By Joe Zagorski
Every pro football coach wants to end their career in victory, and who can blame them? Such an accomplishment would provide them with a great and lasting memory to celebrate as they transition to other occupations after leaving the game. But all too often, victory in the final game during a winning season is a rarity. Rarer still is achieving a win in a Super Bowl to end one’s career. In the 1970s, three head coaches would experience failure during their final seasons. At one time, however, Don McCafferty, Weeb Ewbank, and Hank Stram were on top of the pro football world, hoisting the Tiffany trophy that signifies a world’s championship. But their final seasons in the National Football League would each end with a losing record, as they walked off into their individual sunsets.
But McCafferty’s luck would change during the next few years. True, there were still a good number of productive players suiting up for McCafferty at that time. The Colts would make the playoffs in 1971, and they even got as far as the AFC Championship Game. But they could not solve a rolling Miami team, as the Dolphins defeated Baltimore in the Orange Bowl, 21-0. As a result, the Colts could not defend their Super Bowl title, and McCafferty could not stop the surge of bad luck that he was soon to be saddled with. The 1972 season would test Baltimore’s head coach in a way that even he did not see coming. The team had to face the fact that many of their players were getting older and slower, which is not a reassuring concept for any team. The Colts managed to win only five games, which was woefully inadequate for a team that was regularly expected to produce winning seasons after winning seasons.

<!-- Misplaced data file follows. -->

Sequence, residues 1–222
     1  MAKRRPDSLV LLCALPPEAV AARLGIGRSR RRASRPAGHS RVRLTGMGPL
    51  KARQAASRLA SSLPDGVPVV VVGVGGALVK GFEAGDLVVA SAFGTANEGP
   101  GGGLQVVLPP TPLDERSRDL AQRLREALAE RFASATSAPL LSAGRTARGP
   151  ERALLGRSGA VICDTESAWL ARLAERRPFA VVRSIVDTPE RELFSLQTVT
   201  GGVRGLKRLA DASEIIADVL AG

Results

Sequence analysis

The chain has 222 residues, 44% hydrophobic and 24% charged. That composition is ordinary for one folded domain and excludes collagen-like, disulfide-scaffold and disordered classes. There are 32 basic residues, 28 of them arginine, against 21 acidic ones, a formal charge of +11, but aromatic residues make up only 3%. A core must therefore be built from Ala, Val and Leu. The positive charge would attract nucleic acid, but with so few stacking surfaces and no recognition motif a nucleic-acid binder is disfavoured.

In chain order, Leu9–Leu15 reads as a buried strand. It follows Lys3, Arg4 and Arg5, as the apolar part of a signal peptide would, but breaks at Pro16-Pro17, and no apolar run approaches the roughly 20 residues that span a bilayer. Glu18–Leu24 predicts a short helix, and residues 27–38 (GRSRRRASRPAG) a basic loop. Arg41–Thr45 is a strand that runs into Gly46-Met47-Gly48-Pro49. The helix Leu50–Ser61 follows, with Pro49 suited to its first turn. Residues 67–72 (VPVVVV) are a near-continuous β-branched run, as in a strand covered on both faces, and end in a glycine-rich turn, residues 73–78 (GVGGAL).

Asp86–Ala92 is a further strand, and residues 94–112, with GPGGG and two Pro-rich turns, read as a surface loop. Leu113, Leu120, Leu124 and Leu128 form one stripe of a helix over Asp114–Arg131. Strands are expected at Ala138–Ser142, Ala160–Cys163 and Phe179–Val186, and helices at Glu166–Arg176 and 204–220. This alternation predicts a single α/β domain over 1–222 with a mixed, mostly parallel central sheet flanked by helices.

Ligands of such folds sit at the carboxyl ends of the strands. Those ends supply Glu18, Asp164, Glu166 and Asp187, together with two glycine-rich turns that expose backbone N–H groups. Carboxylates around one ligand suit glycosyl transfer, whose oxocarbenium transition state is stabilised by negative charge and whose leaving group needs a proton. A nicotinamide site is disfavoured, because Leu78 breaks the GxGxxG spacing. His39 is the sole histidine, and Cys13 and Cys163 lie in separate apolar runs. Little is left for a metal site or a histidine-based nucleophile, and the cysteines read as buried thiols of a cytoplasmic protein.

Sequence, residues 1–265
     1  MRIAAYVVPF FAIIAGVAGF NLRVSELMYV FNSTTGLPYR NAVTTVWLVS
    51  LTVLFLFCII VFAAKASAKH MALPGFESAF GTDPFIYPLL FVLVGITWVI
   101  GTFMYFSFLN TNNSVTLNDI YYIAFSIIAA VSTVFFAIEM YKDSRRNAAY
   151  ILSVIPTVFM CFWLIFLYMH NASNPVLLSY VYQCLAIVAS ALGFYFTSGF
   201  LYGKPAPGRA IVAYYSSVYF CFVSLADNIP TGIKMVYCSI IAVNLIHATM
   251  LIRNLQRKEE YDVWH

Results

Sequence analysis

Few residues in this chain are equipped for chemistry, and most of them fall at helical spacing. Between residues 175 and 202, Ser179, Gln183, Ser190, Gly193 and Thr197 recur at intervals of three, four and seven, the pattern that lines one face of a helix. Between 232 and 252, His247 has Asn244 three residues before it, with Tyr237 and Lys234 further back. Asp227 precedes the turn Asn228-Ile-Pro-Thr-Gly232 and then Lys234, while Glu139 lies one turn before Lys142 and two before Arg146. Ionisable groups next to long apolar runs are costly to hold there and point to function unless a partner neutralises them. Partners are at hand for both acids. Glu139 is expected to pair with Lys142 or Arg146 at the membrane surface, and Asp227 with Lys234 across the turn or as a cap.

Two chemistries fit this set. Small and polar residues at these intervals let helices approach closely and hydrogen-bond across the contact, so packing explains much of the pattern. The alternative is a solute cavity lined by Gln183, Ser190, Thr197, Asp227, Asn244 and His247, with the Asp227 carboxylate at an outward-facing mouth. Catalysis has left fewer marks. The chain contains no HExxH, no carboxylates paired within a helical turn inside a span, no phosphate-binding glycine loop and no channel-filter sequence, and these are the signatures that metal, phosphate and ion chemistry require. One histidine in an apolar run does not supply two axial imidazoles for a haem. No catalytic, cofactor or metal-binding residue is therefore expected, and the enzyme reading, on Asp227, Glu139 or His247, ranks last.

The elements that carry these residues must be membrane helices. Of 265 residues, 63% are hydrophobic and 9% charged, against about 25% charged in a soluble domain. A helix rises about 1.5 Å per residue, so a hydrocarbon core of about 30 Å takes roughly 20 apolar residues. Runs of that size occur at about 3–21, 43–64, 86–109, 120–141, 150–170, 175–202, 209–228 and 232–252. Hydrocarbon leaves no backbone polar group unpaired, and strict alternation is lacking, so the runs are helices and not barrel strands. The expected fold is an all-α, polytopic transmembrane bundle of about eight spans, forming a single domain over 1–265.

Head coaches who tend to keep their older veteran players for an extended period of time for loyalty’s sake can often pay a detrimental price. McCafferty did so in a big way, as he refused to bench Unitas, despite Baltimore general manager Joe Thomas demanding that he do so following a 21-0 loss to Dallas in the fifth week of the season. McCafferty barely reached the Colts locker room following that defeat when Thomas met up with him outside of the team’s locker room and unceremoniously fired him.“This is a decision that had to be made for the good of the club,” said the blunt and brief Thomas about McCafferty’s firing.
Sometimes a change of scenery can lead to a change of fortunes, but not so in McCafferty’s case. While it was true that he landed on his feet in Detroit the ensuing year, Unfortunately for him, his first year as a head coach in Detroit in 1973 did not amount to much, thanks to numerous injuries, and thanks to the fact that his players in the Motor City simply did not compare to the quality of players that he had in Baltimore back in 1970. The Lions earned a mediocre 6-7-1 record and were unable to beat any team with a winning record. Nevertheless, improvement seemed to be in store for the team in 1974. Then came a final chapter, and I do mean final. McCafferty’s 1973 season would be his last, as he tragically passed away just a couple of weeks before the start of the 1974 summer training camp.
The 1969 Jets appeared to be a team that could avoid complacency long enough to return to the Super Bowl. Ewbank did a good enough job to prepare them to achieve such a feat. They were lucky to stay healthy for the most part of the year, they had plenty of talent in all aspects of their offense and defense, and their roster remained intact and determined, as they won six straight games en route to a 10-4 record. But just like McCafferty’s 1971 Colts, Ewbank’s post-Super Bowl III Jets team could not repeat their championship performance from the previous year. The Jets lost in upsetting fashion in the playoffs to the visiting Kansas City Chiefs, who parlayed the momentum from that victory to a 23-7 upset win over the Minnesota Vikings in Super Bowl IV.
Ewbank’s Jets then endured several seasons of a multitude of injuries, including three years where the team was without the services of their offensive leader, Joe Namath, who had his throwing hand broken, then sustained a knee injury (one of several during his career), then got his shoulder separated. Without their franchise quarterback for most of 1970, 1971, and 1973, the writing was on the wall for Ewbank. New York could accumulate a total of only 14 wins during those three seasons. To reassert this point, a healthy Namath in 1972 could only produce a 7-7 record for the team in that year, even though Namath was named to the All-Pro team. Also by ’72, the vast majority of Jets who earned a world championship in 1968 were already retired.